Uses of Different Soldering Iron Tips




I recently got a collection of soldering iron tips and realized that many people (including myself) might not know what the different tips are used for. After all, for a long time I was under the impression that there was only about three different types of soldering tips and only one useful type of tip.

While I still only use two different types of tips (an improvement), I am much more familiar and confident in using whatever soldering iron tip I may happen to find on the iron. Please know that is far from a comprehensive list of all the different types of soldering tips available, but rather a small handful that I am personally prone to use.

If you are not familiar with soldering, I recommend checking out noahw's instructable on How to Solder.

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Step 1: Tips That I Am Using

For those of you that want to know, I am using a 10 piece set from The DIY Outlet. This particular set features 5 different categories of 900M soldering iron tips. It has:

  • three 900M-T-C series tips
  • four 900M-T-D series tips
  • one 900M-T-B series tip
  • one 900M-T-I series tip
  • one 900M-T-K series tip

Don't worry if none of this means anything to you; we'll go over each of them individually.

Step 2: B Series Tips

This is the tip that many people new to soldering would likely imagine to be the only kind of soldering iron tip, because, well, it looks like a soldering iron tip as opposed to being ground down on one side.

Due to its round shape so that soldering can be done from any angle, you can use this particular tip in a large amount of soldering applications from point soldering to drag soldering. Because of this, B series tips are widely used for general purpose soldering, but tend to be put aside when a specific soldering job needs to be done.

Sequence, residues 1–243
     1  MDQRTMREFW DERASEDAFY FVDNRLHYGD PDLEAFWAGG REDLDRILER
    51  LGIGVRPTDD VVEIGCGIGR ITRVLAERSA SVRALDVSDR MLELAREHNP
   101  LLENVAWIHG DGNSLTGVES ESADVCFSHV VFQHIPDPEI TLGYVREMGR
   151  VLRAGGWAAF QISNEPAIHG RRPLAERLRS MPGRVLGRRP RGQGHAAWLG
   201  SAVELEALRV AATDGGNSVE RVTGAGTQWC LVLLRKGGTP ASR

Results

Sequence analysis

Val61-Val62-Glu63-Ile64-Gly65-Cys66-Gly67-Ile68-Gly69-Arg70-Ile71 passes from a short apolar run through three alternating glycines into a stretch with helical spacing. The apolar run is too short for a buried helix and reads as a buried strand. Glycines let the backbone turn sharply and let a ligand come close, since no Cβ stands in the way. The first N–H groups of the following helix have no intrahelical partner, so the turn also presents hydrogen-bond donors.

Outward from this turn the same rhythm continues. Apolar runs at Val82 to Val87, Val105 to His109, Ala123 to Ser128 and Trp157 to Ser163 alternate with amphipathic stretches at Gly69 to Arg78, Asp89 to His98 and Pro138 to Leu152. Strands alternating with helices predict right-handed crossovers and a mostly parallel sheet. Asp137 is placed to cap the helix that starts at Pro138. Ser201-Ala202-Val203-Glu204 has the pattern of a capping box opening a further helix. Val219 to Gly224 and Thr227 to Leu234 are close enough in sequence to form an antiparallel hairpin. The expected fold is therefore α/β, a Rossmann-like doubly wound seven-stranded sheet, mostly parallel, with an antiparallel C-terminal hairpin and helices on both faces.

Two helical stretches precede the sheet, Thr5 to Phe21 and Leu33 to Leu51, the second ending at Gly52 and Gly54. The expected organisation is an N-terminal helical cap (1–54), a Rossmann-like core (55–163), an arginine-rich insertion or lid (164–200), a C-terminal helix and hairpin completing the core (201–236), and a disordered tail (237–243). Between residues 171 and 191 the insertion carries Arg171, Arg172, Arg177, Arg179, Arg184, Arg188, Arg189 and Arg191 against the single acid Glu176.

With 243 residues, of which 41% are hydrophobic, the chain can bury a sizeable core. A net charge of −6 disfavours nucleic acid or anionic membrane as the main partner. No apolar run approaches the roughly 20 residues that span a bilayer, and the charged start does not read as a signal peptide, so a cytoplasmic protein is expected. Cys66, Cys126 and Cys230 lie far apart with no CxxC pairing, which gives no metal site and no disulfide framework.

Step 3: D Series Tips

These tips, which have a kind of chisel look to them and are my personal favorite, are also widely used in general purpose soldering much like the round B series tips. The difference is that these tips offer a much larger surface area on the face and tip of the chisel than the B series tips.

The reason you would want a larger surface area is so that more heat is able to be transferred from the soldering iron to the electrical component and/or solder. With more heat transfer, solder will flow more readily, arguably making the D series tips easier than B series for quick solder applications.

The four tips shown in the picture are different sizes (just in case you weren't sure). This is so you can pick the appropriate sized tip since larger is not always better, even though you would have more heat transfer with larger tips. The reason for this is because if your tip is too big, you may end up having solder flow from the one point you were trying to work on to it's friend next to it creating a solder bridge, which can be a real bummer.

Step 4: C Series Tips

Despite looking like they were accidentally ground down on one side, these C series tips are rather useful, especially in drag soldering. The slightly curved face is ideal for spreading out solder over the tip and then evenly applying small amounts of the solder over multiple components in close proximity (such as the pins on a surface mount component).

These C series tips are different than the "hoof tips" (CM series), which have a concave impression in their surface to either distribute or collect excess solder.